2015年6月9日

Taste of Pastoral Poetry Q&A with Yoshihiro Imai

Circle is a cookbook which combines elements of nature, poetry, and food photography. 
(C) Yuka Yanazume


After growing up in the suburbs of Tokyo, Yoshihiro Imai, 33, moved to Kyoto and became a self-trained chef. At his own expense Imai published a cookbook, Circle, which combines elements of nature, poetry, and food photography to document seasonal cuisine and scenery in the kitchen and beyond, from where the flavors and colors of each meal originate.

Did you dream of being a chef growing up? 
When I was young, I dreamed of being a scientist. Then, in college, I attempted to make bread using natural yeast. As I kneaded the dough with my hands and watched how microorganisms breathe life into bread, my passion for food was sparked. From 2006 to 2014 I worked at the Enboca Restaurant, where we used seasonal foods to express the passage of time. The Noma(1) cookbook inspired me to head to Copenhagen for short- term study. Recently, while getting ready for my new restaurant, I have sought to support farmers and celebrate nature and natural ingredients. The journey continues. 

How does living in Kyoto shape you and your culinary work?
Living in an ancient city fosters modesty. Even today, Kyoto astonishes in ways that make me feel like a newcomer. I can hear elderly residents joke: "The last time Kyoto had something new was before World War II!" Living amidst the mountain slopes of Higashiyama District has had an imperceptible influence on my cuisine. For example, the kiln- roasted persimmons in Kyoto have a color reminiscent of the autumn season when they are made, whereas in Copenhagen a similar dish uses pears. The fine blend of tradition and modernity as well as the close ties I've developed to people in farmers' markets and mentors working with food are what keep me grounded. 

The kiln-roasted persimmons in Kyoto have a color reminiscent of autumn when they are made, whereas in Copenhagen a similar dish uses pears.(C)Yuka Yanazume
How does involvement in farming impact the way you work with food? 
In the city, food is one of the best methods for bringing us closer to the earth. As a youth in Mito, I was introduced to the plants growing on my grandfather's farm. Now, in Ohara, Kyoto my involvement with a youth farmers' community shows me the people who are dedicated to produce and how they care for the land. Working with food is like conducting a choir, with the color, aroma, and texture of the food originating from ingredients nurtured by the earth. The rice I eat three meals a day comes from my father-in-law's family farm, and I cook with cast iron pots to preservethe natural flavors of the ingredients. Culinary work at its best is not a dazzling skill. Rather, it's a response to the original flavors that people derive from food.

In Ohara, Kyoto in a village on the foothills of Mount Hiei, there is a farm similar to my grandfather's farm. Here you can buy fresh ingredients and pick wild flowers and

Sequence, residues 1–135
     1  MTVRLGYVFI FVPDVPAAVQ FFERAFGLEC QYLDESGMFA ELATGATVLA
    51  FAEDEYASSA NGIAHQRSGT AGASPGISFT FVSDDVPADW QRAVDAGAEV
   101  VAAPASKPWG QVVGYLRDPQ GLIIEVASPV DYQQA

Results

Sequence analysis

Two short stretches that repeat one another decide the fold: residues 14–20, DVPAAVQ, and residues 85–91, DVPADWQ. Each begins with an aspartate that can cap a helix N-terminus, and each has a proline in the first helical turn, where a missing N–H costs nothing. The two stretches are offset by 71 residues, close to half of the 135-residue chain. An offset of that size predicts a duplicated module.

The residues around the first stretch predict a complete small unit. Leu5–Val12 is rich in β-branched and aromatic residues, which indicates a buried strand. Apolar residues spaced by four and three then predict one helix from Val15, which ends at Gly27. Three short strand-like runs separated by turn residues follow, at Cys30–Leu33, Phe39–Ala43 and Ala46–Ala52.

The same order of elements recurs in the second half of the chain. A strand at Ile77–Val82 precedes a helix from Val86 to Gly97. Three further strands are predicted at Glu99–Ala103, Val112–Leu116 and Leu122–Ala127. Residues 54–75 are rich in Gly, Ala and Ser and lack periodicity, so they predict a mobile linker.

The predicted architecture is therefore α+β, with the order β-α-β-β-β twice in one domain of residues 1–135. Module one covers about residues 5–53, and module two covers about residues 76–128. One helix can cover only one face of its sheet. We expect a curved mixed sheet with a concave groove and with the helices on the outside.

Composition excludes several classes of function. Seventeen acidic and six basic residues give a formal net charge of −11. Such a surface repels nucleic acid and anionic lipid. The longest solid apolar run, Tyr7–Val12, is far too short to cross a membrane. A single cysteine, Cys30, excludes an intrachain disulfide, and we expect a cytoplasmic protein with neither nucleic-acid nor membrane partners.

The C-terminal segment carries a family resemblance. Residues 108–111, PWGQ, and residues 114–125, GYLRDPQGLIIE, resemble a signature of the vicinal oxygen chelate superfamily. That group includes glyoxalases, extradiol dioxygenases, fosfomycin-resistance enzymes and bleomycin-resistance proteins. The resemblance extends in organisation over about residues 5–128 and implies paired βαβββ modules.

shrubs to complement various dishes.(C)Yuka Yanazume
Kamo Eggplant served with wild flowers is inspired by the breeze and light of summer farm. 
(C) Yuka Yanazume

What story did you want to tell in the Circle cookbook? 
I make food in response to the season, so the same dish takes on different forms depending on the time and space. Since photography is the only method available to capture food at the time it is made, I decided to publish Circle. I didn't expect that it would elicit attention in Taipei, New York, and other places around the world. In Japan, I opened pop-up restaurants(Note 2) in rooftop gardens, art galleries, fish markets, and museums. My goals were to share observations of nature and food as well as to show how eating enables us to connect to history during our limited time on earth. 

Have you visited Taipei? Where do you most want to go in Taipei and what food would you like to try? 
I believe that Taiwan is full of life. I look forward to visiting someday. In Taipei, I would like to go to the traditional markets and the local restaurants. I'd like to see artistic areas that feature poetry and handcrafted goods. I'm also very interested in pickled and fermented foods. Every place has a unique way of food preservation. These are the types of things that interest me when I visit other countries.


Our Monthly Column: A Spoonful of World Flavor ●This post originated on Discover Taipei
Notes:

1. Noma: A two Michelin star restaurant in Copenhagen,Denmark that was ranked the world's number one restaurant in 2010, 2011, 2012, and 2014.

2. Pop-up Restaurant: A temporary restaurant not limited to a particular location and which may stay open for as little as a single meal.
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